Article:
In his class, The Future of News, Notre Dame visiting assistant professor Josh Roiland not only talks about the direction journalism is now heading, but he also equips students with the practical tools to flourish within the changing profession.
“It’s kind of two different classes in one,” says Roiland, who teaches in the College of Arts and Letters’ Department of American Studies.
“We study the economic and technological changes that have hit the journalism industry in the last decade and how they have completely transformed the profession. But then we also do the practical aspect and do the future of news, which is going to be multimedia journalism.”
A Multimedia Experience
Everyone in the class was given an iPad 3 for the semester, for both personal and academic use. As part of the course, each student maintains a blog and produces an audio podcast, a photography slideshow, an audio slideshow, and a video project. Roiland’s class this fall is the third American Studies course he has taught using iPads.
The students use a variety of apps for everything from photo editing to aggregating news. Roiland introduces about a dozen apps for each aspect of production they cover: photography, audio, and video. While most students do not begin with any multimedia experience, by the end of the class they are confidently creating stories in multiple formats, he says.
These skills prove invaluable as students leave Notre Dame and enter the journalism field, says Andrew Owens ’13, who took Roiland’s The Future of News class last year. Since graduating in May, Owens has worked as a reporter for MLB.com and is currently covering Notre Dame football and men’s basketball for Blue & Gold Illustrated.
“I’ve already had to shoot videos dozens of times,” Owens says. “I’ve used all three of the production elements we practiced, and that’s just since graduation. I think the broad overview Professor Roiland gives of where journalism is headed also prepares students to enter the industry.”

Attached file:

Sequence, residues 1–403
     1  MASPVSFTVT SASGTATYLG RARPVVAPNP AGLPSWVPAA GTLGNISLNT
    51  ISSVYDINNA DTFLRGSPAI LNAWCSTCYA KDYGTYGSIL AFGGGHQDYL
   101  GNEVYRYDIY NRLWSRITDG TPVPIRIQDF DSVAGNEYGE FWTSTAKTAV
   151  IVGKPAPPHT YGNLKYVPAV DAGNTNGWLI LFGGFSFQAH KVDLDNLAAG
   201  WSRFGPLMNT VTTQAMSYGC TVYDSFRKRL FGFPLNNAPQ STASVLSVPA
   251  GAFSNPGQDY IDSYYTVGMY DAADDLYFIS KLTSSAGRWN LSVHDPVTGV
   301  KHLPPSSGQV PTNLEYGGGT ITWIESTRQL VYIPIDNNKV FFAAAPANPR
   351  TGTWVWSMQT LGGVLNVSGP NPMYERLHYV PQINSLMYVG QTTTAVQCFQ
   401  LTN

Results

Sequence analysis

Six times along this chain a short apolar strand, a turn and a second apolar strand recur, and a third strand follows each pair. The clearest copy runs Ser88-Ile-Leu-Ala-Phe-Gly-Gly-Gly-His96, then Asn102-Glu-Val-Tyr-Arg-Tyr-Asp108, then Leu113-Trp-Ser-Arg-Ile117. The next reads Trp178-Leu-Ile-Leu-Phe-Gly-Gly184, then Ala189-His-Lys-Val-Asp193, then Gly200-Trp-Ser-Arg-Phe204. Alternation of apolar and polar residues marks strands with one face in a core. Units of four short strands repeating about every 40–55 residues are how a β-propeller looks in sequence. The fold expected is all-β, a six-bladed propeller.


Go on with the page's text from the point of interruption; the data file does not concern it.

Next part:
A New Community
Roiland says the iPads also give students the opportunity to join the academic conversation about the journalism industry. He provides students with a list of journalism writers and scholars to follow on Twitter. Every day, students repost a news story about a topic related to class using the hashtag #NDJED. Students follow and respond to their classmates by following the hashtag.
“What this does is create a really neat community outside the classroom where they’re still talking about the issues, but they’re applying them to all sorts of modern day news stories,” he says.
“By and large, students don’t realize how much the iPad changes their lives in terms of how they interact with the news. All of a sudden, they realize, ‘Wow, there’s this whole world that I haven’t been engaging in.’ They start picking up and just doing it on their own,” Roiland says. “They embrace it, and they have said it’s hard for them to give the iPads back at the end of the semester.”
Senior Caroline Lang agrees. An American studies major with a minor in Journalism, Ethics, and Democracy, Lang took Roiland’s Literary Journalism in America last fall and is currently in The Future of News.
“Since all this media is converging over various platforms, it’s really useful to have it all in one portable place and right at your fingertips with the iPad,” Lang says. “I’ve also found the iPad really useful for my other classes. I don’t really know how I functioned without one, and I don’t know how I’ll go back to ‘pre-pad’ life at the end of the semester.”
An Innovative Approach
Roiland says he is enjoying integrating technology into his class.
“Technology and the humanities don’t always seem to go together,” he says. “It’s been cool that Arts and Letters and American studies and the Gallivan Journalism Program have recognized that we can use these tools to enhance the liberal arts.
“We’re retaining all of the core concepts and values that go with the liberal arts, but then looking at how we can implement them through these new technologies.”